Occupy is About “Liberty” – Even in our “Free Country”

A brief hum filled the room, then everyone was turning my way, anticipating. I felt the heat rise in my face and glimpsed my hands, knotted tightly in my lap… What could I possibly say to these people? They wanted a hero from the Berkeley myth, not a girl with une voix aigue, my weak, high-pitched voice, spouting cliches in bad French. They were sitting patiently. They were waiting… Then I felt Annette’s arm come around my shoulders… “Jeanette, écoute… Please, whatever you have to tell us about American students… We want to listen to you.” –From Janet Magill at her first meeting of a small student “Revolutionary Action Committee” in Paris, 1968, in A Time to Cast Away Stones: 

Both the 1968 protestors and the Occupiers have sought—and longed for—“liberty.” That’s my story and I’m sticking to it. When I made this claim at my writers critique group last December, people jumped on it (what fun!) – “How can you say Occupy is about a lack of liberty? Everyone is out there exercising their right of free speech! This is a free country!”

Up until now, I’ve compared the qualities that enabled sustainability in the Occupy Movement, qualities clearly lacking in the 1968 French May Revolution. I turn now to liberty as a purpose – you can call it an aim, goal, end, or a central theme. These movements were/are accused of having fuzzy goals. But even when you manage to grab hold of a central theme, the two appear very different from one another. To oversimplify—regime change vs. income equality and the restoration of the middle class.

 In 1968, President Charles de Gaulle maintained tight control over the government, the media, and the tough security forces at his command.  French students bristling at an antiquated and unfair educational system were forbidden from even assembling to complain to one another!  So, you may ask, why compare the current Occupy Movement in the United States? Even with more police than protesters at some of the demonstrations and the destruction of tent cities, Americans have been permitted the space and opportunity to assemble and discuss. And no politician wants to be accused of subverting the Bill of Rights.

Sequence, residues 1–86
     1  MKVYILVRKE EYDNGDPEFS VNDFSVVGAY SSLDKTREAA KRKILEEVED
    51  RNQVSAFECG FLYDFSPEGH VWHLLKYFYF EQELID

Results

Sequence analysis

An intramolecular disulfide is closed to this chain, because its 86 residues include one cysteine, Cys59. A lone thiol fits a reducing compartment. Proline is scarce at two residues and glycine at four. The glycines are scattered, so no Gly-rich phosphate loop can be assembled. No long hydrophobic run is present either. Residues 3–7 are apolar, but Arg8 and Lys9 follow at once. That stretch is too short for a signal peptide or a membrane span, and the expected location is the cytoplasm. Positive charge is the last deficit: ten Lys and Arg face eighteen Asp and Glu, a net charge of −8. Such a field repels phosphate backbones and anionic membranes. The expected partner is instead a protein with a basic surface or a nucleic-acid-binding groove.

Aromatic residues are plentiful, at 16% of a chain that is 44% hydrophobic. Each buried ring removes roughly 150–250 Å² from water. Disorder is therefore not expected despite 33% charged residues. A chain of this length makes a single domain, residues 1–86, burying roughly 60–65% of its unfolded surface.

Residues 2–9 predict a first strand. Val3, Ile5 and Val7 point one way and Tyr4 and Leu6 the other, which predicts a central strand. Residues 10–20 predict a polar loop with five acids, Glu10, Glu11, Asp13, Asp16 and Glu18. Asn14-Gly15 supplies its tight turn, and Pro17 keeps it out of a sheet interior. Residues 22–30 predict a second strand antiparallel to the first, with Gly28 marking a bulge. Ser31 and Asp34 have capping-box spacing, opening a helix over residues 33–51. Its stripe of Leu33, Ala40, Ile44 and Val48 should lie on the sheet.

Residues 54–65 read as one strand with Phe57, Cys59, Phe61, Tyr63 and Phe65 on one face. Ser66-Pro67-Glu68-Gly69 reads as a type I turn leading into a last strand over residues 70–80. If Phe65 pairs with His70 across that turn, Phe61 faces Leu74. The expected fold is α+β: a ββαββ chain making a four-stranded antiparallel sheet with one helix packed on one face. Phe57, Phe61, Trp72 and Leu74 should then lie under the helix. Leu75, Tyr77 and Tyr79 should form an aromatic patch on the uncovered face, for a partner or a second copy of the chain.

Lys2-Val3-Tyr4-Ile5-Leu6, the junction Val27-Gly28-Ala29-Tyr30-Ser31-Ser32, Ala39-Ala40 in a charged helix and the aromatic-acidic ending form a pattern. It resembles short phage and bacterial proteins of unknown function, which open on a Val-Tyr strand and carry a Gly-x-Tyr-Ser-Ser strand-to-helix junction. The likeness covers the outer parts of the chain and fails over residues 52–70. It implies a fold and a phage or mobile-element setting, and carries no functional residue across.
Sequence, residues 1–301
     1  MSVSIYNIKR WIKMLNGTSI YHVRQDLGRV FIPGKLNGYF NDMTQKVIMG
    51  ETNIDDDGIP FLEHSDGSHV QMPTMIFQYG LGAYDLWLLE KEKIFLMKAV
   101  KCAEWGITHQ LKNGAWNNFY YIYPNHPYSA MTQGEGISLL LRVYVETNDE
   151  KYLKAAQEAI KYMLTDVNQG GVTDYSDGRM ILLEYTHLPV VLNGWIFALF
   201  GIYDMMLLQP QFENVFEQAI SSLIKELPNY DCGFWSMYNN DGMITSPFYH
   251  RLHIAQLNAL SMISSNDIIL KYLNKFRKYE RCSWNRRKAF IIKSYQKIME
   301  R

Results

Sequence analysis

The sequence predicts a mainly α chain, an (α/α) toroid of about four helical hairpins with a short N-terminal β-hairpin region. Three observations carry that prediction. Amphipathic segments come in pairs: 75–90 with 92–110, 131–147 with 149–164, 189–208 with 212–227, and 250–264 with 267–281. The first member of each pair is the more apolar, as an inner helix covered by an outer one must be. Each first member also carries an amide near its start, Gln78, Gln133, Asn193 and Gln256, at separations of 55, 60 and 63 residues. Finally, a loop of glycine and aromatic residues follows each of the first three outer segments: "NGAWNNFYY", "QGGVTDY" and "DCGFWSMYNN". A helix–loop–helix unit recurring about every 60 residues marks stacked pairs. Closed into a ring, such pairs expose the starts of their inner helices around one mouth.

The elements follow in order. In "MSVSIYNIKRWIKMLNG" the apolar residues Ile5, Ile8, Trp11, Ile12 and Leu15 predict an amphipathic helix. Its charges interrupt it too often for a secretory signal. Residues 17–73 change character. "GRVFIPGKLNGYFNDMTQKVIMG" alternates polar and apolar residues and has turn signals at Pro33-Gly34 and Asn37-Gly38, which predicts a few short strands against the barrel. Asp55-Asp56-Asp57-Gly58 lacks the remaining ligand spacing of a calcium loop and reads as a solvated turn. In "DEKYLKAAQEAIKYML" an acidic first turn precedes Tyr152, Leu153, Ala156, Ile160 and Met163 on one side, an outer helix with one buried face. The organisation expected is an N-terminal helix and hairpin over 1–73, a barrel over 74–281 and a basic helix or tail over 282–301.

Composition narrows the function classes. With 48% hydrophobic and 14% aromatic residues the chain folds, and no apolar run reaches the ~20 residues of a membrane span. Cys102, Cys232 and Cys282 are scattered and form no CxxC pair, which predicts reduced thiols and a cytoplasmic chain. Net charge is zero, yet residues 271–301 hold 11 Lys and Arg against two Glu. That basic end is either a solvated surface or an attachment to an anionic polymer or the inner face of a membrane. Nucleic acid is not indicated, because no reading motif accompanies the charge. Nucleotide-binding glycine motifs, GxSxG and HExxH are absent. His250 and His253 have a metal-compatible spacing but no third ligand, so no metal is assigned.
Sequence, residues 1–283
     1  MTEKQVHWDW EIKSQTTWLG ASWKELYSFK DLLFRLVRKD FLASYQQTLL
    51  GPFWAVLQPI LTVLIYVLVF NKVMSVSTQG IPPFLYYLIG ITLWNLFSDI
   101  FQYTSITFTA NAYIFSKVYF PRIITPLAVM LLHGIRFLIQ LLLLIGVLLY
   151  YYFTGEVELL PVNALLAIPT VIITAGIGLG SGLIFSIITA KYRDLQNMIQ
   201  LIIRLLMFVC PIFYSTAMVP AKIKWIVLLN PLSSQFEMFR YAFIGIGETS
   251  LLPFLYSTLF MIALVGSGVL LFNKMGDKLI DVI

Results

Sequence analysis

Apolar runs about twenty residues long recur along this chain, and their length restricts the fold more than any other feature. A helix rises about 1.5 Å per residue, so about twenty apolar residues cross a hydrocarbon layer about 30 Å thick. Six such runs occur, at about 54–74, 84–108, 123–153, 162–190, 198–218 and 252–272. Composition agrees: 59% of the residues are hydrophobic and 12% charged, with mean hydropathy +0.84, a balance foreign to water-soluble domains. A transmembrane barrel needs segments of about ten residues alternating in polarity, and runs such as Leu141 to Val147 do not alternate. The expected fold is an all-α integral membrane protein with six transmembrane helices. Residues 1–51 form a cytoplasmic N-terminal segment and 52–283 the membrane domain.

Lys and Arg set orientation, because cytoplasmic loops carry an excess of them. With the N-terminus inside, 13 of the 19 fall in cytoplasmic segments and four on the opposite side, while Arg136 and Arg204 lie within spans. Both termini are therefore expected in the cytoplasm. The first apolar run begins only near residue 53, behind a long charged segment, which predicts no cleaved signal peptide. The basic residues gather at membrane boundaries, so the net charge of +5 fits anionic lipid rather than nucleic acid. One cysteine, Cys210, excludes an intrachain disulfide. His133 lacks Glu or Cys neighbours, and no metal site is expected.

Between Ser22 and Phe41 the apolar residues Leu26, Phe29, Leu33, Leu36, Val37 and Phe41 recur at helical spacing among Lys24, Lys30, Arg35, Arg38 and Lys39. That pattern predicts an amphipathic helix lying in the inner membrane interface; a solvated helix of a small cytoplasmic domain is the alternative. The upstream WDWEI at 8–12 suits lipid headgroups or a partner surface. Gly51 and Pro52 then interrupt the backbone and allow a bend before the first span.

We are not in de Gaulle’s France, 1968. Or are we?

From OWS Project List, April-May 2012.

The Occupy Movement resuscitates the specter of seeking liberty from the May Revolution. What OWS has accomplished on a grand scale is to raise national awareness that the majority of Americans—the 99%—have relinquished their precious American voice. This national laryngitis has crept up on us. Our precious citizen’s voice is subdued by wealthy political donors and corporations (which have recently gained their peoplehood). Yes, unlike the French 44 years ago, we can talk publicly about sex and war and civil rights, complain openly and demand openly. But there is one thing we simply have not dared to talk about. Until now.

Now OWS has crushed, beaten and broken the last free speech taboo: money. Since OWS opened the floodgates, everyone from politicians to pundits speechifies about economic inequality. We acknowledge the reality of how our system has evolved over the past 25 years. While Americans endure the power of the few to make money by gaming the system, and those who would question economic inequality are media-whipped and censored, the power of money increasingly subverts democracy. The Occupy Movement seeks to regain that voice that admits the unthinkable, that the Democratic Republic has morphed into a Plutocracy.

If we have no voice, therefore we have no power, we have no liberty. OWS, like Paris 1968, has sought to raise awareness and reclaim our collective, inclusive voice.

Occupiers, like Parisians in May of 1968, feel alive. In A Time to Cast Away Stones, Janet hates her high-pitched “baby-doll” voice, and feels it will always prevent her from contributing to the improvement of her world. Today in NYC, she would have the “Human Mic” and Twitter to help her achieve meaningful involvement. But even without these remarkable innovations, in the City of Light, Janet discovers that her own voice can be effective, if only there is mutual respect among listeners. It took a year, but then de Gaulle was voted out. The conversation begun during the Events of May left a changed nation moving forward. Will Occupy do the same?

Visit http://www.elisefmiller.com for updates about A Time to Cast Away Stones, and more about the history of the May Revolution. 


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